The band consisted of Willie Colón, Frank Rosa and Frank Figueroa on trombones, Papo Martínez on timbales, Leo Fleming on bass, Victor Roque on bongos, Julito Collazo on congas, Johnny Ortiz on coro and Mon singing.
JIC: You performed on Curious? (TR Records, 1976) by Tito Rodríguez's son and José Alberto's first album as a lead singer in New York. Do you have anything to share about this project and/or performing with Tito Rodríguez Jr.?
PULPO: I had played with Tito Rodríguez in 1972 at the Village Gate for a week, so now I was working with this legend's son. It was Sal Cuevas on bass; Angel "Cachete" Maldonado on congas; Johnny "Dandy" Rodríguez on bongos; Richie Fernández and Larry Spencer on trumpet; John Kelly on trombone; John Purcell and Charles Lagond on saxophone; Rubén Blades and El Canario on vocals.
JIC: Also in 1976 you performed on Charanga 76's self titled debut album on TR Records co-produced by violinist / arranger Eddie Drennon and featuring vocalist Hansel Martínez (later of Hansel and Raúl fame), flautist Andrea Brachfeld, etc. What are your recollections of working with Charanga 76?
PULPO: That album is a classic! We recorded Willy Chirino's "Soy" and it's a classic to this day. It was the most innovative charanga up until that point. No charanga sounded like that, everything up until then was blasé. We were in your face! That band also included a third singer, being Ronnie Baro.
JIC: The following year you replaced Oscar Hernández as the pianist on Pete "El Conde" Rodríguez's A Touch of Class, his third album for Fania. You touched on how you got the El Conde gig earlier. What are your memories of working with him?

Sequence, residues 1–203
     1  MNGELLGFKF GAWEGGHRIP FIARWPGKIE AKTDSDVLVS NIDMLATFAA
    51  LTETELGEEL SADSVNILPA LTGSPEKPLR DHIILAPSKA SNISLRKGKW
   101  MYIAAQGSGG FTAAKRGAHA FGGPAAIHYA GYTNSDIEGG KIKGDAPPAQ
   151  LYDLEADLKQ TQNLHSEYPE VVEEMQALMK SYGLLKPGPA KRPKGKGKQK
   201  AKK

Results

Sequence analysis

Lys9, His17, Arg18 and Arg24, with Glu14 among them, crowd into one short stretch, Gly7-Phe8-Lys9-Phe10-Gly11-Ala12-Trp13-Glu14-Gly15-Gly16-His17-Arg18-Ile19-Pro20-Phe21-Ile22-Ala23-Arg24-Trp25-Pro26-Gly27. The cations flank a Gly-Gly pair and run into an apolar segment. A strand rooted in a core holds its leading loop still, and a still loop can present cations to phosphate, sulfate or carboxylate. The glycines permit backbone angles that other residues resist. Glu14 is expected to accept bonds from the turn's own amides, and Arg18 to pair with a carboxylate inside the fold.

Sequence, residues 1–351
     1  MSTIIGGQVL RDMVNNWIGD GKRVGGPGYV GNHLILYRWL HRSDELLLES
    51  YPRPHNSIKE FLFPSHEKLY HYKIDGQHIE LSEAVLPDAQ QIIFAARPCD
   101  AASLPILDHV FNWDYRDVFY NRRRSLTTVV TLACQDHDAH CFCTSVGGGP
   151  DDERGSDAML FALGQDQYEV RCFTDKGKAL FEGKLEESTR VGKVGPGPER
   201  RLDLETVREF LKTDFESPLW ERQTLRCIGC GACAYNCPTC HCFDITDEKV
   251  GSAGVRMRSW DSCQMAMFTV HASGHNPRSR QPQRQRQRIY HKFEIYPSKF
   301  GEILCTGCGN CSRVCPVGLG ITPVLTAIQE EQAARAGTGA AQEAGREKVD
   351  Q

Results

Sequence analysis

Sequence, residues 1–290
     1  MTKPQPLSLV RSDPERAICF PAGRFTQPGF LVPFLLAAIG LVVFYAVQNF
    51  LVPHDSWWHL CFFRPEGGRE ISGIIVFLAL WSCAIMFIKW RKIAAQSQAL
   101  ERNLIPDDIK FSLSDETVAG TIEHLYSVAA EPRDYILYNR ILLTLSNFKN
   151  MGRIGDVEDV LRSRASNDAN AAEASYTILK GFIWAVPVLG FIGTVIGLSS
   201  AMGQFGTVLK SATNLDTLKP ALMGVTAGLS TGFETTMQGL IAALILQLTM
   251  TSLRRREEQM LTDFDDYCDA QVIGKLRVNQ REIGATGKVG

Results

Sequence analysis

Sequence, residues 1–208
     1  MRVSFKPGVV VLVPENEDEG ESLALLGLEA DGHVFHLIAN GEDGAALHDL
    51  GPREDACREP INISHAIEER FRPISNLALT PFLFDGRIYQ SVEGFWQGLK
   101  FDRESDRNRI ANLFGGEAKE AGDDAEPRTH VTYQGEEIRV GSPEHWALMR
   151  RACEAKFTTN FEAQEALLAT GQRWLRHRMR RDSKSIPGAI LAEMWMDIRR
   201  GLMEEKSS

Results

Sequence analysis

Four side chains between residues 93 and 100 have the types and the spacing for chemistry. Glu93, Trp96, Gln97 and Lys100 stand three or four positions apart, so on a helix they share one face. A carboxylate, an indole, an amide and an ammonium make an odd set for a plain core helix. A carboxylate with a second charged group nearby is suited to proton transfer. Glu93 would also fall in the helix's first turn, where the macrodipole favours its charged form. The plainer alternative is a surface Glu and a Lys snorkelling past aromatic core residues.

PULPO: When I left the first time I started getting my crap together. I really started honing my Latin skills. At the time I was already with Héctor Lavoe, but he was in the Creedmore Sanitarium on a hiatus. I was waiting for him to get out, so in the interim I did A Touch of Class. We had two trips lined up, one to Martinique and one to Chicago. Héctor was out of commission from April to September, so during this time I played with Conde. Truth be told, there weren't that many new piano players on the block. Oscar was the first call for most, but he couldn't do everything, so he gave some to me. It was a great gig, but it wasn't a gig I got on my own. It's different. Like when I got the Héctor gig, I was his first call. In the end, I just didn't like how the whole situation ended up when he called Oscar for the Puerto Rico trip. I had been playing with the band for months and we knew about the trip for a while. I had been telling everyone I was going and it wasn't until a week before that I found out from my compay Oscar
not even Pete or his wife!
JIC: It clearly still rankles with you. There are no sidemen listed on A Touch of Class. Can you recall who played on the session and arranged the respective tracks?
PULPO: Well, the three of us from Héctor's band sessioned (Montalvo, Febles and myself); also Andy González on bass; Tony Cofresi and Victor Paz on trumpets; Victor Cruz Jr. on bongos; Febles, Papo Lucca and Luis Cruz arranged. They had done a session prior to me getting there that featured Edy Martínez and Oscar Hernández on piano.